Mortal Kombat Preview

focalbox It has been a few years since I've punched the head clean off the shoulders of one of my rivals. Far too long, if you ask me. Though I've been known to throw a punch or two in my day, what I'm of course referring to is the new Mortal Kombat, from the newly-formed NetherRealm Studios at Warner Bros. Interactive Entertainment. As I gleefully noted in my last preview of the game, the upcoming Mortal Kombat reboot is an ultra-violent affair, worthy of succeeding the franchise's previous generation titles. Gone is the tame combat found in the crossover Mortal Kombat vs. DC Universe, replaced with the blood-soaked throes of passion found in the the franchise's past. On a violence level, this is the Mortal Kombat we've been waiting for. My recent time with the game focused on some of the bells and whistles included in the package. Beyond the game's standard arcade and online components--which I delved into during my previous write-up--there are a number of other additions to flesh out the game. Included in Mortal Kombat is a Training Mode, which gives players a chance to learn specific special moves and combos for their favorite combatants as well as a Practice Mode, allowing players the opportunity to freely test out their acquired knowledge against an A.I. rival. Like in other recent fighters, these modes serve as an entry point for new players looking to learn how Mortal Kombat controls, while also giving experts an opportunity to test out winning strategies. The modes start to get a little more intricate from there. Mortal Kombat includes a Fatality Mode, which delivers exactly what you'd expect. The mode indicates where players must stand in order to successfully perform the final death blow for any of the game's 20+ characters, turning green for correct position and red for out of bounds. Players can select their favorite character, which fatality they wish to rehearse, and their favorite punching bag in the mode.

Mortal Kombat isn't shy about dousing the world with buckets of blood.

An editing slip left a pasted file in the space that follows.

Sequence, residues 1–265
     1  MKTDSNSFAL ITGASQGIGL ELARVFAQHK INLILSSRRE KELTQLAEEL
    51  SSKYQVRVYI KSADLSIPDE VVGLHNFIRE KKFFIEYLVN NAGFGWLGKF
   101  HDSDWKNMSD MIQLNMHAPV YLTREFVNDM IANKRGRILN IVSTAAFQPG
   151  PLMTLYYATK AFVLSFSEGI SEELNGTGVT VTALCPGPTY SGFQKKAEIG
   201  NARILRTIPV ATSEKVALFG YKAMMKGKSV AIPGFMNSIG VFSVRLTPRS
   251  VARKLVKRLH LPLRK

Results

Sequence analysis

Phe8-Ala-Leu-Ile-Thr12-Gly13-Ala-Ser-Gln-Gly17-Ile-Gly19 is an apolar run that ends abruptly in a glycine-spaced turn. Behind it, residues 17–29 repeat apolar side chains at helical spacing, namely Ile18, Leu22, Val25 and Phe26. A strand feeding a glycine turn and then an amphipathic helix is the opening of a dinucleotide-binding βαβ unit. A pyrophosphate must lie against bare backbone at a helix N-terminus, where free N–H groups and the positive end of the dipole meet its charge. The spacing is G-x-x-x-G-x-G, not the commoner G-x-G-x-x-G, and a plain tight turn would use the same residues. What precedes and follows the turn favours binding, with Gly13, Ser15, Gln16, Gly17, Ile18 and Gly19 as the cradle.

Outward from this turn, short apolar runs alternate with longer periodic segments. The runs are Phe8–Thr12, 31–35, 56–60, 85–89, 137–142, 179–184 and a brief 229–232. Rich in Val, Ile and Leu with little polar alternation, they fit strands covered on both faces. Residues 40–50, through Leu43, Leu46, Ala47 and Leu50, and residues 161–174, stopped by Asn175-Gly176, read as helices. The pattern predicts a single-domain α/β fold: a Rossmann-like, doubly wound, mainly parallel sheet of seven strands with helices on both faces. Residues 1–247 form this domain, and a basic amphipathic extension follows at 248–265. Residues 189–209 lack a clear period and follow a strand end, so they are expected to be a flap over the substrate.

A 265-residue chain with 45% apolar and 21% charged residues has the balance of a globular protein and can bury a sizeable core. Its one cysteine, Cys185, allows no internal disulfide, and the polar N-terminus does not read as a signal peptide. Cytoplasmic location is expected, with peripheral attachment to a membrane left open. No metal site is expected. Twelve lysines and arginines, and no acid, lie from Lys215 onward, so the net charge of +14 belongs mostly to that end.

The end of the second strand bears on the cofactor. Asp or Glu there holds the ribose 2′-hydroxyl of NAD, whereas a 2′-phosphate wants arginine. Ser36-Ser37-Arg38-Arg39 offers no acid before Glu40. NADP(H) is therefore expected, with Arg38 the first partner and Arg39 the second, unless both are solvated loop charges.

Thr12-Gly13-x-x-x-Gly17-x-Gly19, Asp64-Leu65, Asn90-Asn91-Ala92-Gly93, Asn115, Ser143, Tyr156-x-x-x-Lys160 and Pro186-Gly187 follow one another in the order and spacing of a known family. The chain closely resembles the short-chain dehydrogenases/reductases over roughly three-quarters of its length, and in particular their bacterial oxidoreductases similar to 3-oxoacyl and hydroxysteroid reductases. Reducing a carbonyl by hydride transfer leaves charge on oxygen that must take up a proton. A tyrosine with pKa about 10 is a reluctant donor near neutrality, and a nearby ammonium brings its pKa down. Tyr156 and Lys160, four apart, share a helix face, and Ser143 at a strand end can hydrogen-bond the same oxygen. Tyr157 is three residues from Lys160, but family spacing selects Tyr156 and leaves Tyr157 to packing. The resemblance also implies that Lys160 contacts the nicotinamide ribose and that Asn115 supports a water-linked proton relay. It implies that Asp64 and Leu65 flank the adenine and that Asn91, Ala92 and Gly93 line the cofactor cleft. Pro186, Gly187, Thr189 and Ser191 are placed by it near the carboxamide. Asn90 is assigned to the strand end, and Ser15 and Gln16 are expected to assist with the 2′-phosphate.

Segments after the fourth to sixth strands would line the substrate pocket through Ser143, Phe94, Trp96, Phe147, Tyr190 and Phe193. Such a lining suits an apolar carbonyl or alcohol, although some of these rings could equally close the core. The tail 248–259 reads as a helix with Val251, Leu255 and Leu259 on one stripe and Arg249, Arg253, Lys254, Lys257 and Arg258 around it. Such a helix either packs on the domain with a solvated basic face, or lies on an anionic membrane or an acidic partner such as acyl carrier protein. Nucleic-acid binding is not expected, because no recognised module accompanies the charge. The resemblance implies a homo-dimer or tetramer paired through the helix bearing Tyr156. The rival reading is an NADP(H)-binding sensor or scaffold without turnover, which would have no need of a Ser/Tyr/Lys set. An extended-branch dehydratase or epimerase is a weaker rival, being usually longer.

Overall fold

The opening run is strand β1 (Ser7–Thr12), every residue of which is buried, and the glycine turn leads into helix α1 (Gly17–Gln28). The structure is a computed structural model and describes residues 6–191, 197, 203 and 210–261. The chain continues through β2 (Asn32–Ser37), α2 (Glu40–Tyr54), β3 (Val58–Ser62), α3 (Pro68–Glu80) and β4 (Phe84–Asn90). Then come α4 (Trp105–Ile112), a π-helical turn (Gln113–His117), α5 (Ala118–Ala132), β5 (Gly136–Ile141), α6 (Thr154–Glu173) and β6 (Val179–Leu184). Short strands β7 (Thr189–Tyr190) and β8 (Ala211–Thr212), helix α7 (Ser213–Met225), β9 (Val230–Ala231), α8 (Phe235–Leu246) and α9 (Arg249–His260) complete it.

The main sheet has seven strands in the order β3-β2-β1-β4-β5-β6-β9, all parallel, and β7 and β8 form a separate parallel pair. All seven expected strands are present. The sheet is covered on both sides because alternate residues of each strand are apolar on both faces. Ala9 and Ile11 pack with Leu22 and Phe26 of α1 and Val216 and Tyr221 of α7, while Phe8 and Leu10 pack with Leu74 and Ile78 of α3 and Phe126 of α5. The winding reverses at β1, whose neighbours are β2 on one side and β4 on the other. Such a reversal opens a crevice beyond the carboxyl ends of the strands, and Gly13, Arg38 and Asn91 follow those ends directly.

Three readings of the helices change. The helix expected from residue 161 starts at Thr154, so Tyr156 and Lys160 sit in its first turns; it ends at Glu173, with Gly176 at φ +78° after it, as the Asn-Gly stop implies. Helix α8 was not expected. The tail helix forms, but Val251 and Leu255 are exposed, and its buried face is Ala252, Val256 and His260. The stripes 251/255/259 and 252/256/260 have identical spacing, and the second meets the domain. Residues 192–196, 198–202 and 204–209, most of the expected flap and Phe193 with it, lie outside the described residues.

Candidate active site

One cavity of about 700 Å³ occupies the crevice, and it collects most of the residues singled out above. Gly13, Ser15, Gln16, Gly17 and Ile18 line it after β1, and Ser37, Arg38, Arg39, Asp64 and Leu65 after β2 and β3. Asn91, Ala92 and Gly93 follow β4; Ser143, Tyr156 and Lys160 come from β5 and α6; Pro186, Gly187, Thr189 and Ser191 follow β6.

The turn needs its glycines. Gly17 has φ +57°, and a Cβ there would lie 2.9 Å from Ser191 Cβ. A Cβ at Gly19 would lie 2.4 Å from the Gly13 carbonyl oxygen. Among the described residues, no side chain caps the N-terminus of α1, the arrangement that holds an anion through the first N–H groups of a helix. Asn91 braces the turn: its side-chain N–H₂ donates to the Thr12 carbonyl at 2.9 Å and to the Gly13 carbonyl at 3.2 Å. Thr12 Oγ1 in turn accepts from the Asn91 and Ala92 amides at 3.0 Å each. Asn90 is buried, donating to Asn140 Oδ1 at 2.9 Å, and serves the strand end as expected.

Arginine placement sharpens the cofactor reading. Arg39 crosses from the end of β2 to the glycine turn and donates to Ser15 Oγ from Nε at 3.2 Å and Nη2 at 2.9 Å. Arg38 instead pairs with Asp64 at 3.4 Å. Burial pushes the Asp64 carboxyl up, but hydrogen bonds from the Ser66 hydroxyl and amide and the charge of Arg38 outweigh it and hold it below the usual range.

When the Fatality Mode loads, the correct button sequence appears at the top of the screen giving players an opportunity to practice the move. Timing for Mortal Kombat's deadly strikes is key; however, the mode allows players to remove the clock from the equation to sear the combo into their minds at their own pace. The game is friendly in its execution. The only penalty for failing to land a Fatality is a brief reload, but that's only necessary if you were to accidentally strike an opponent; plugging in the wrong button combinations won't require a restart. Friendlier still are entire character move lists, including special moves, in the game's pause menu during matches. What really captured my attention was Mortal Kombat's Challenge Tower, a 300-level high series of tests and events that help unlock a surprise the MK dev team during my preview said would be "well worth a player's time." They also noted that, while they wouldn't reveal what that surprise was, the information will likely be revealed on the Internet within hours of the game's release. Vague rewards aside, the Challenge Tower offers a cornucopia of different tasks for the player to accomplish. The first few levels act as a tutorial for the game, showcasing basic moves like blocking. As players climb the tower, the challenges get more complex and rules for each level get more detailed. The Challenge Tower also brings classic Mortal Kombat modes into the fray: Test Your Sight, giving players the chance to follow an eyeball as it's shuffled under multiple hollowed out skulls; Test Your Might, testing players rapid button pressing and timing to destroy increasingly more difficult objects; Test Your Strike, where players must destroy a specific block in a stack; and (the brand new) Test Your Luck, which adds random modifiers to battles. In Test Your Luck, players might face off against headless opponents, battle in an upside-down arena, or combat without the use of their arms. This mode basically adds a pinch of crazy to the boiling pot of blood and guts, once again proving that filling a game with violence doesn't inherently make it mature. The Challenge Tower is a mixture of tutorials, interesting challenges, throw away filler missions, and completely odd concepts. If any level of the Tower becomes too complex (or asinine) players can use their collected "Koins" to bypass the level and move on to the next challenge. BOOM video 8325 The Tower also brings with it a classic passion from the Mortal Kombat series of old: a desire to unlock the game's secrets. Though it's not as intricate as the "Krypt" found in Mortal Kombat: Deadly Alliance, it's 300 missions that set to test a player's supreme Mortal Kombat prowess with promises of something extra special in the end. I just hope it's worth the effort, because fighting three manic Baraka's isn't my idea of a good time if the end reward is a pat on the back and a few stills of concept art. While the Challenge Tower and Fatality Mode focuses on the single-player experience (Read: the least important aspect of this genre), the modes do serve a multiplayer focus. They are essentially entry points for players to get comfortable with the game's style. Mortal Kombat is not a lightning fast fighter in the vein of a Marvel vs. Capcom 3: Fate of Two Worlds, so it's nice to see NetherRealm shine a light on the offline to get gamers comfortable with its very different and distinct style. Mortal Kombat is a game crafted from the nostalgic essence of our youth. Though it's insanely violent and over the top, it never dips into the world of the chaotic--even during the game's Tag Team arcade mode. The game is as plodding and manageable as you remember, with a striking modern visual flair and a weight behind every attack. So far, the new Mortal Kombat looks to be a love letter to the franchise filled with reminisince nods to its former glory... and signed in blood. Mortal Kombat launches on April 19 for the Xbox 360 and PS3.